Variation in prey selection and foraging success associated with early-life ontogeny and habitat use of American paddlefish (Polyodon spathula)

William D. Hintz, Nicolle K. MacVey, Allison M. Asher, Anthony P. Porreca, James E. Garvey

Research output: Contribution to journalArticlepeer-review

Abstract

Many fishes are planktivorous during early life and switch to piscivory or consume larger food items as ontogeny progresses. In contrast, paddlefish start as particulate feeders and later become filter feeders. Few studies have identified food items essential for paddlefish growth, survival and recruitment surrounding this ontogenetic diet shift. The objectives of this study were to investigate (i) prey types consumed by paddlefish, (ii) variability in prey selection surrounding an ontogenetic diet shift and (iii) whether habitat affected paddlefish prey selection or foraging success. We analysed gut contents of 189 wild age-0 paddlefish from the middle Mississippi River (MMR) and also conducted a laboratory experiment to address these objectives. We found that paddlefish primarily foraged on benthic macroinvertebrates in the MMR, which differed from previous studies in lentic systems, suggesting young paddlefish prey selection may be labile depending on habitat (i.e., lotic versus lentic). Dominant prey of wild-caught and experimental age-0 paddlefish were caddisfly larvae (Trichoptera), followed by hemipterans and amphipods. We found little evidence that habitat attributes affected foraging success, but the most common prey items consumed were associated with wing dike habitat and the upstream and downstream tips of alluvial islands. Our experimental study revealed that if provided a mixture of organisms, age-0 paddlefish will primarily consume macroinvertebrates while age-1 paddlefish will mainly filter zooplankton. Overall results suggest young paddlefish prey selection can be highly variable, but also heavily reliant on a narrow group of prey resources.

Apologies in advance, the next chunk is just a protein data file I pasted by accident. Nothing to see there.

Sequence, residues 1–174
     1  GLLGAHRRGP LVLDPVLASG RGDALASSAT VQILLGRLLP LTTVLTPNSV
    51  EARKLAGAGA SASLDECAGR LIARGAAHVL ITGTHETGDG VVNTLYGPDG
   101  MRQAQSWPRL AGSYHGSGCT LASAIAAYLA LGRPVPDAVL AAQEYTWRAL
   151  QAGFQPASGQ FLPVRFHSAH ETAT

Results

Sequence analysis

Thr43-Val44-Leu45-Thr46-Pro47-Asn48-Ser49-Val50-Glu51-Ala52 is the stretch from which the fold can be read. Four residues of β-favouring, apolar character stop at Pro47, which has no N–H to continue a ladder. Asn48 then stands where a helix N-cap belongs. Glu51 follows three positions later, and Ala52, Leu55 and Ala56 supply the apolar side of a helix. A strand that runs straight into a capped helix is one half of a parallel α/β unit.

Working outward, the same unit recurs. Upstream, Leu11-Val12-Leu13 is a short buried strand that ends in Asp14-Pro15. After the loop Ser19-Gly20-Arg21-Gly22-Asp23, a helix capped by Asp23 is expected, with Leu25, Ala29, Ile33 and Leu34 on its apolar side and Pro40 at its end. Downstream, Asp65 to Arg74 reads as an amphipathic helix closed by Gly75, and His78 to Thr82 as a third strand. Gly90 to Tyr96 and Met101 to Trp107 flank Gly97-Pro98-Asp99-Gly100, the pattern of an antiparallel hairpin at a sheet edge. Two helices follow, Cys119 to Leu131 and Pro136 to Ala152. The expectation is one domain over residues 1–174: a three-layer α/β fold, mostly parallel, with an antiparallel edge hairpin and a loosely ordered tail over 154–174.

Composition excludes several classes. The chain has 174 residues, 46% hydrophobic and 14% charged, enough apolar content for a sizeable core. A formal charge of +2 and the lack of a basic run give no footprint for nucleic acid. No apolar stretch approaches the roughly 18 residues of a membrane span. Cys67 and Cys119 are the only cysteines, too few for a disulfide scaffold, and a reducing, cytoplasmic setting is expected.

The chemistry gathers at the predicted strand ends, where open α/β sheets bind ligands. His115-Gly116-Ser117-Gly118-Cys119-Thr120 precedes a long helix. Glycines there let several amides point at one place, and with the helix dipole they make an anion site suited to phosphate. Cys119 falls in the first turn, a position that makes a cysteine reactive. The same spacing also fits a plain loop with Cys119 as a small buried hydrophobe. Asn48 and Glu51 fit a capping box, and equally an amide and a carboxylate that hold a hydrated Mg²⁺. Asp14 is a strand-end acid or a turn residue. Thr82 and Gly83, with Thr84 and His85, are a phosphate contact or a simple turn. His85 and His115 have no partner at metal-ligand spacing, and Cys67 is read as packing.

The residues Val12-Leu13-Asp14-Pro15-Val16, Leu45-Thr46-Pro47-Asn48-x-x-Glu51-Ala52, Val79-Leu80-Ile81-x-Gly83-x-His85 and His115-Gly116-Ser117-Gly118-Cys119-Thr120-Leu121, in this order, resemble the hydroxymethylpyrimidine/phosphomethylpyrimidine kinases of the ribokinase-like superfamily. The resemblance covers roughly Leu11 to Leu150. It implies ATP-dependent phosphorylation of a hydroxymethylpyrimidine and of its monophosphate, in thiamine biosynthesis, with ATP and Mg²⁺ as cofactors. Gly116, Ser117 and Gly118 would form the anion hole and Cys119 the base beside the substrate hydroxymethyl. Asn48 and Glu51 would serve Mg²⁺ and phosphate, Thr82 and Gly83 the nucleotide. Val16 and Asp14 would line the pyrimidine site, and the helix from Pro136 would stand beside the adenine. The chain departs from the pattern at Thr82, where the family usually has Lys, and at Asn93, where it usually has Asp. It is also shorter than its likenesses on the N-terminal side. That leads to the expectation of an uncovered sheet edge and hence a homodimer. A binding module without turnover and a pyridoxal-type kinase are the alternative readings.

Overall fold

Original languageEnglish (US)
Pages (from-to)181-189
Number of pages9
JournalEcology of Freshwater Fish
Volume26
Issue number2
DOIs
StatePublished - Apr 1 2017
Externally publishedYes

Keywords

  • Mississippi River
  • diet
  • macroinvertebrates
  • ontogenetic shift
  • prey choice
  • zooplankton

ASJC Scopus subject areas

  • Ecology, Evolution, Behavior and Systematics
  • Aquatic Science
  • Ecology

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